Further proof of extraterrestrial origin of quasicrystals
Aug 13, 2012 3 comments
An international team of researchers has found nine new samples of naturally occurring quasicrystals. The work also provides further proof that quasicrystals were delivered to the Earth by a meteorite. The team's discovery challenges our understanding of both crystallography and solar-system formation.
Conventional crystal structures are made of atoms, or clusters of atoms, that repeat periodically. These patterns are normally restricted to two, three, four or sixfold rotational symmetry – the numbers corresponding to how many times the crystal appears the same during a rotation through 360°. For a long time these were considered hard and fast rules, and no crystals that broke these conditions were thought to exist.
Ordered, but not periodic
However, Israeli physicist Daniel Shechtman found just such a rule-breaking crystal in 1984 and was awarded the 2011 Nobel Prize for Chemistry for his efforts. Shechtman had discovered a quasicrystal – a crystal that, while ordered, does not contain structures that repeat periodically. Schectman's crystal also had 10-fold rotational symmetry. Even after his discovery, there was a lot of scepticism about the existence of such a material. But as the years went by, other physicists began to construct quasicrystals of their own and now more than 100 different types have been found. These, however, are synthetic and have been created under precisely controlled laboratory conditions. Just as it was originally assumed that quasicrystals could not exist, after their discovery it was assumed that they could not exist naturally in the wider world.
That assumption was called into question in 2009 when Princeton University's Paul Steinhardt – the man who originally coined the term "quasicrystal" – appeared to have discovered a naturally occurring variety in a rock sample from Russia. Steinhardt and his colleague Luca Bindi, from the University of Florence, Italy, measured the ratio of oxygen isotopes within the sample and their results suggested that the rock belongs to a class of meteorites known as carbonaceous chondrites. Not only did this rock contain a naturally occurring quasicrystal, it also came from outer space.
But the scepticism that had followed quasicrystals around since their discovery continued. The rock sample was traced back to Valery Kryachko, a Russian who in 1979 had been panning for platinum in a stream flowing through the Koryak mountains in far-eastern Siberia. The rock had somehow turned up in Bindi's museum collection in Italy. "People were sceptical of the rock's back story as the tale of how it got to Florence involves secret diaries, smugglers and KGB agents," Steinhardt told physicsworld.com.
"The only way to settle the debate was to take a shot at finding more samples," Steinhardt explains. He put together a team of 10 scientists, two drivers and one cook and set out on a four-day expedition across Siberia back to the stream where Kryachko had found the original sample. Once there, they panned 1.5 tonnes of sediment from the stream bank, eventually isolating a few kilograms for analysis.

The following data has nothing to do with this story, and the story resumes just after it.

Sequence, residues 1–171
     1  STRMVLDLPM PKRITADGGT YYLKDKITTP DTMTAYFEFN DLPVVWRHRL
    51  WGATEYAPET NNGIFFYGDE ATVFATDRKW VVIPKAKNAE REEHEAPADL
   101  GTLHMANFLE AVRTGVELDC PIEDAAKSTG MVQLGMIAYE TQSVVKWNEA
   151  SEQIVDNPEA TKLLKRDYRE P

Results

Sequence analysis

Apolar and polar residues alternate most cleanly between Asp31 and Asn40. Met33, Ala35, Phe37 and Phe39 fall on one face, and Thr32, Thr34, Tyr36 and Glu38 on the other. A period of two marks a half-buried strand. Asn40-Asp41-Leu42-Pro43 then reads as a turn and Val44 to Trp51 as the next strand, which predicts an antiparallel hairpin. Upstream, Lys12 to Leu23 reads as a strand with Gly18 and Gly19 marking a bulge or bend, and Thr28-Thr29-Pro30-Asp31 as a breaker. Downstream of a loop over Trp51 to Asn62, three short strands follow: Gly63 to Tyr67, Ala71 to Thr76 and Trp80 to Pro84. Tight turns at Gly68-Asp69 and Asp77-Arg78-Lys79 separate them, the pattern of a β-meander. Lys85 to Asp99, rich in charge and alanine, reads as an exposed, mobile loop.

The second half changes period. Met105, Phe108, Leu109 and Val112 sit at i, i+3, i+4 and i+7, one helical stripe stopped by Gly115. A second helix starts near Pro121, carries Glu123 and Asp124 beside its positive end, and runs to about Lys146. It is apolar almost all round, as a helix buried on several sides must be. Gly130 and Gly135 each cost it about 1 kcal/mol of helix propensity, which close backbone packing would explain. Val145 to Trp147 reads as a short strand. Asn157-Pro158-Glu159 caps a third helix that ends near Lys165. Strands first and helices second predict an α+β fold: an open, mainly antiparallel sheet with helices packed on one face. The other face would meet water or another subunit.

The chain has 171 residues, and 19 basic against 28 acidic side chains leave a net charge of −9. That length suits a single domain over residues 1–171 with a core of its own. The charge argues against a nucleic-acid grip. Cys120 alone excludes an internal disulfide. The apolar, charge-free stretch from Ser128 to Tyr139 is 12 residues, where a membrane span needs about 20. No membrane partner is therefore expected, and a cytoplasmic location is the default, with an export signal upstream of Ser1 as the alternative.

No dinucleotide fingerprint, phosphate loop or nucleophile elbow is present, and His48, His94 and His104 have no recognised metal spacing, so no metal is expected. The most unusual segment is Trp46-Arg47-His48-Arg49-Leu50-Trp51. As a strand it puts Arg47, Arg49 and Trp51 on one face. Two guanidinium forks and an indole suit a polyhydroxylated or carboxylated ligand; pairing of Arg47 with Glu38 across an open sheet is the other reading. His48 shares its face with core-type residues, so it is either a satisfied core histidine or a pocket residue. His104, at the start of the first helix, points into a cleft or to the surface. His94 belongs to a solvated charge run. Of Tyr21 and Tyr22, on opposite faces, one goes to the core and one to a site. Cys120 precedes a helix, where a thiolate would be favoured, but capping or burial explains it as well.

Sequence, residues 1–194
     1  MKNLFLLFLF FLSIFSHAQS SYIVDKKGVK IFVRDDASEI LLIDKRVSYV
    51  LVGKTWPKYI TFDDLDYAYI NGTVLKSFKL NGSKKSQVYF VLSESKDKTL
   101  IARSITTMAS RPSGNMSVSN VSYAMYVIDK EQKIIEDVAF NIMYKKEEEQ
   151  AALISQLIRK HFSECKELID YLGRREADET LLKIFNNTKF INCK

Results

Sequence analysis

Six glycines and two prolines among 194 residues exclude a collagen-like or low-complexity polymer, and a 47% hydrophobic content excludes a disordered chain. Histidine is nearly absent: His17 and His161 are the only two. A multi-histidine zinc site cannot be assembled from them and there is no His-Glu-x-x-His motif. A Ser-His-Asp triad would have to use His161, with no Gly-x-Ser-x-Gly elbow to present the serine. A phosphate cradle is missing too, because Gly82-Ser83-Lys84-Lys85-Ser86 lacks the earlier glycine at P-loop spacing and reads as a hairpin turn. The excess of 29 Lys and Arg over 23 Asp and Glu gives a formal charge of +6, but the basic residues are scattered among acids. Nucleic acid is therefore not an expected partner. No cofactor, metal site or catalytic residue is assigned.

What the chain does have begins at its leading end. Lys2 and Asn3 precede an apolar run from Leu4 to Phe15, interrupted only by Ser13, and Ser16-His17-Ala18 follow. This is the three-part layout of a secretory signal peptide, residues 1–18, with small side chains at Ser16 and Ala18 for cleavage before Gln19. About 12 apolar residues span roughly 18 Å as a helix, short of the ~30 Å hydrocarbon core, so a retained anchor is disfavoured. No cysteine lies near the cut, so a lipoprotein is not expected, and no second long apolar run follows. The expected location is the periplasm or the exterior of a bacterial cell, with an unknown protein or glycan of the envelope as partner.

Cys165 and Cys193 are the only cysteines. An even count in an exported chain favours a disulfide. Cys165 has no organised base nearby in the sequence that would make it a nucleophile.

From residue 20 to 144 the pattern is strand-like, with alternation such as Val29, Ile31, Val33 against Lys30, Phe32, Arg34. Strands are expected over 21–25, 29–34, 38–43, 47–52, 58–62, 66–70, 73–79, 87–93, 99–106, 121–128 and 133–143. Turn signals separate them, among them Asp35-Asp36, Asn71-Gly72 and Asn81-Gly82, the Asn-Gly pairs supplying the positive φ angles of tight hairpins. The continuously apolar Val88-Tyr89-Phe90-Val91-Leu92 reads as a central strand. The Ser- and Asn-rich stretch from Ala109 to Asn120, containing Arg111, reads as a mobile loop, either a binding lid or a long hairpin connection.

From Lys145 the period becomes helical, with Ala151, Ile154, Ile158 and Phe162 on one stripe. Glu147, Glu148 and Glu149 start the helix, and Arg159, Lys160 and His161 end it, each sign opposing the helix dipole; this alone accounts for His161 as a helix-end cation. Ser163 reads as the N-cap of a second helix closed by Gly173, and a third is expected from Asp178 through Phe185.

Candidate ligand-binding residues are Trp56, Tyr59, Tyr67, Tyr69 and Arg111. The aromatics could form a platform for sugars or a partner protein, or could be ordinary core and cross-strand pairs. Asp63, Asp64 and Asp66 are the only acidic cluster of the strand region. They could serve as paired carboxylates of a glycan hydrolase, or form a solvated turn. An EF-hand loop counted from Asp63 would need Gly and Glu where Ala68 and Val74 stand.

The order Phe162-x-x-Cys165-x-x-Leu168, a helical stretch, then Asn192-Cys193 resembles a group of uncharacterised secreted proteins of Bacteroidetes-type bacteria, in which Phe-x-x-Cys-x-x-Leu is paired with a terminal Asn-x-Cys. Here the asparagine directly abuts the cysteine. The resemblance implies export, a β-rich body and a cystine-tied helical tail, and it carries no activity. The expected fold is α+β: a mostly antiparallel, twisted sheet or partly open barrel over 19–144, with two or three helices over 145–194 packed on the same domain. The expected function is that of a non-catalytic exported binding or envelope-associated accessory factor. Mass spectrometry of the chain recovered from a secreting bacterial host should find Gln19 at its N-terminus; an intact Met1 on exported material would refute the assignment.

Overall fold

After six weeks of painstaking grain-by-grain analysis, they hit on something special. "We found a grain with a fleck of metal on it. Not only did it contain quasicrystals, but the oxygen-isotope ratio was exactly the same [as the original sample]," says Steinhardt. "It was an incredible moment. Out in the field, no-one bet on a more than 1% chance of successfully finding anything," he adds. The team isolated a total of nine quasicrystal samples. It is thought these samples all come from the same meteorite, and analysis of the sediment layers suggests it landed within the last 15,000 years.
As the quasicrystals come from a carbonaceous-chondrite meteorite, they must have formed in the earliest days of the solar system. Carbonaceous chondrites are thought to have collided together to form the cores of the rocky planets, and so Steinhardt's quasicrystals are older than the Earth itself. However, current models cannot account for the presence of these quasicrystals. "We need a novel kind of geological process to form them and so it challenges our ideas of solar-system formation," Steinhardt says.
The intense conditions present in the solar system's youth also challenge the prevailing view of quasicrystals as objects that need a carefully controlled laboratory set-up to produce. "Quasicrystals are not the delicate materials previously thought. The ones we found must have been formed under robust and hardy conditions in the early solar system," Steinhardt says.
Others agree that the world of quasicrystals could be changed by this 10-fold increase in the number of known naturally occurring examples. "This result emphasizes how normal quasicrystals are and will hopefully make them less of an eccentricity," Renee Diehl, a surface physics researcher at Pennsylvania State University, US, told physicsworld.com. "It opens our eyes to the fact that they may have been all around us and we just have not noticed," she explains.
The research is published in Reports on Progress in Physics.
About the author
Colin Stuart is a science writer and astronomer based in London